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Breaking taboos for a new career

April 02, 2017

Matrimonial master

Matrimonial master:  Former policeman Chow Kwok-kei has discovered a new life purpose by becoming a wedding chaperone.

Tea tradition

Tea tradition:  Mr Chow conducts the formal Chinese wedding tea ceremony with bride Kinki Leung and her parents.

Conjugal co-ordinator

Conjugal co-ordinator:  As the wedding chaperone, Mr Chow ensures the event goes to plan.

Fair chance

Fair chance:  Hong Kong Society for the Aged tutor Ho Wai-sum (second left) says there is no gender or age restriction on being a chaperone.

Chinese weddings have many traditions. One of them is having at least one chaperone in charge to ensure the event goes to plan.


These chaperones are usually women, however, 60-year-old Chow Kwok-kei is one of the few men to step into the role.


Breaking the women-only tradition has given him a fulfilling second life.


After 34 years in law enforcement, the former policeman retired five years ago but quickly got bored.


He then enrolled in a course on Chinese marriage ceremonies through the Elder-Friendly Employment Practice project introduced by the Hong Kong Society for the Aged.


"I was interested in Chinese weddings when I was young, and thought the chaperones were nice and good at warming everybody up. I didn’t have the chance to learn this skill when I was young, so I wanted to study it in my retirement."


Although gender does not affect service quality, some clients do not want a man as their wedding chaperone, making it difficult for Mr Chow to join the wedding industry.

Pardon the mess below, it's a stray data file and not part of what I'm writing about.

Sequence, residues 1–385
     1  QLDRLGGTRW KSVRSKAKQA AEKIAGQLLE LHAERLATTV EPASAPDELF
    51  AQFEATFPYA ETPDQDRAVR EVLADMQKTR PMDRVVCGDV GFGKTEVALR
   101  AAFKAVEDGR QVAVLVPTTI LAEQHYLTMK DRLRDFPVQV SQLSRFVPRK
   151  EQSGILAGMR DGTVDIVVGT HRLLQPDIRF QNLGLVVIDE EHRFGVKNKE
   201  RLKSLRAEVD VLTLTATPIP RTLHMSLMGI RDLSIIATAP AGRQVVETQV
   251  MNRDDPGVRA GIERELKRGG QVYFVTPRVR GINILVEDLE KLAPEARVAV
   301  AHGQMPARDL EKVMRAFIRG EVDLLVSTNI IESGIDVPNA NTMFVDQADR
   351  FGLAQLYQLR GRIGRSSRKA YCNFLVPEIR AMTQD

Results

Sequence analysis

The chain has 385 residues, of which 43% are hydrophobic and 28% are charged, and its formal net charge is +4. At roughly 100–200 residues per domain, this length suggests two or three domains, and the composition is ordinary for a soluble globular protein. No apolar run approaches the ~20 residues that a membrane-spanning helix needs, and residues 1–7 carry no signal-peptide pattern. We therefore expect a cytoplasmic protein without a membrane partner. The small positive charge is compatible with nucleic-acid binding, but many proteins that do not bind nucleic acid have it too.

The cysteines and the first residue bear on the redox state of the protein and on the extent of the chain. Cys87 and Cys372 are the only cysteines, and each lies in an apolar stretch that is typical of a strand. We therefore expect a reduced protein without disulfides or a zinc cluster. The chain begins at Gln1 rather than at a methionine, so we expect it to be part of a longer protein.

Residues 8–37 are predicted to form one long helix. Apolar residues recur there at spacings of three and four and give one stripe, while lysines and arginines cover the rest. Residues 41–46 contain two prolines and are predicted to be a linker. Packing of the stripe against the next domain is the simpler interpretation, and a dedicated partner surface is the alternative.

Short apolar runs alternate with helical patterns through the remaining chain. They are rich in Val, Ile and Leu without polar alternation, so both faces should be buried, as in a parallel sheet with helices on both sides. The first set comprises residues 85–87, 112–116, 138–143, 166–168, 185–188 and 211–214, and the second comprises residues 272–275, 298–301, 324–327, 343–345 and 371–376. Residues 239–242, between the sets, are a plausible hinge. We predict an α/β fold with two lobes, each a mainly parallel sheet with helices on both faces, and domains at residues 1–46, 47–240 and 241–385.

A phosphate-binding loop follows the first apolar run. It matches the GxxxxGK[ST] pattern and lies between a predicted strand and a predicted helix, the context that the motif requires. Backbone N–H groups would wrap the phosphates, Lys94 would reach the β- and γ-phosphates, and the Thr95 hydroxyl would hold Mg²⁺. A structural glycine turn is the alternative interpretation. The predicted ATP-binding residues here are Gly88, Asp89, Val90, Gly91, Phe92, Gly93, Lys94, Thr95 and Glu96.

"It’s taboo for men to enter the bride’s room or to help her put on her gown."


To solve the problem, Mr Chow teamed up with a woman business partner.


"It is more acceptable for my clients. I also took the course to learn hosting skills, so I can work as a chaperone during the day and host the banquet at night."


Equal opportunity

With his police experience, Mr Chow is good at reading people and has a better eye for detail than most ceremonial masters.


For one of his clients, bride Kinki Leung, it was her first time to see a male chaperone.


Impressed by his efforts, she said it can be beneficial to a wedding to have some masculine strength at hand.


"I think a male chaperone is very special. A woman chaperone is rather common. And men are usually stronger and can help carry heavy stuff," she said.


Hong Kong Society for the Aged tutor Ho Wai-sum taught Mr Chow about Chinese marriage ceremonies through the Elder-Friendly Employment Practice project.


She said there is no gender or age restriction for being a chaperone, so retirees can study the trade and then learn more about it on the job.


"Those who love to laugh, are cheerful and interested in Chinese culture are suitable for the job. They can study the introduction course first and take other courses once they start work as a chaperone."


The Elder-Friendly Employment Practice project is funded by the Jockey Club Charities Trust.


Through a variety of seminars and courses, the programme offers people of mid-to-senior age consultation services, a platform for information sharing, employment counselling, and voluntary work.


Lifelong learning

Hong Kong Society for the Aged Chairman Kim Mak said encouraging retired seniors to re-enter the labour market is a new trend that can benefit the Government, employers and people.


"It is an important human resource that we as a whole should tap into to sustain the economic growth of Hong Kong. But more importantly it’s also good for employers, many of whom are struggling to find the right workers.


"It is also good for individuals because when they work they become more engaged, they are happier, healthier and of course financially that would also give them something to maintain their interest and lifestyle."


The Society for the Aged has developed websites and smartphone applications to advertise job vacancies to help retirees find work, and for employers to find staff.

SWD Elderly Information Website